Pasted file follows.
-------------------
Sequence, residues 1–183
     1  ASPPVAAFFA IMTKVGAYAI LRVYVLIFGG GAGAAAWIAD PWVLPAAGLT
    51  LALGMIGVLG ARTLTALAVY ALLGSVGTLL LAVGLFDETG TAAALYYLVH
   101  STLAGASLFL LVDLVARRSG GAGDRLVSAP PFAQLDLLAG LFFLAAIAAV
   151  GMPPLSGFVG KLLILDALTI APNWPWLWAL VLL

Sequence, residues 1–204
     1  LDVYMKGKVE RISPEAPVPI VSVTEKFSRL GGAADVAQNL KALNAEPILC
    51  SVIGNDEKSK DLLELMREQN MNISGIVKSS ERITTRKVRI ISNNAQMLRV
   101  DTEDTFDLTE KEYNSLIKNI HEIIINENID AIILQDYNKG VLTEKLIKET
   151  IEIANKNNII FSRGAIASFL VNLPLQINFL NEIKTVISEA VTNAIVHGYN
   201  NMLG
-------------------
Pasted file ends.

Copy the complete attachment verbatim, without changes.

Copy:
Sequence, residues 1–183
     1  ASPPVAAFFA IMTKVGAYAI LRVYVLIFGG GAGAAAWIAD PWVLPAAGLT
    51  LALGMIGVLG ARTLTALAVY ALLGSVGTLL LAVGLFDETG TAAALYYLVH
   101  STLAGASLFL LVDLVARRSG GAGDRLVSAP PFAQLDLLAG LFFLAAIAAV
   151  GMPPLSGFVG KLLILDALTI APNWPWLWAL VLL

Sequence, residues 1–204
     1  LDVYMKGKVE RISPEAPVPI VSVTEKFSRL GGAADVAQNL KALNAEPILC
    51  SVIGNDEKSK DLLELMREQN MNISGIVKSS ERITTRKVRI ISNNAQMLRV
   101  DTEDTFDLTE KEYNSLIKNI HEIIINENID AIILQDYNKG VLTEKLIKET
   151  IEIANKNNII FSRGAIASFL VNLPLQINFL NEIKTVISEA VTNAIVHGYN
   201  NMLG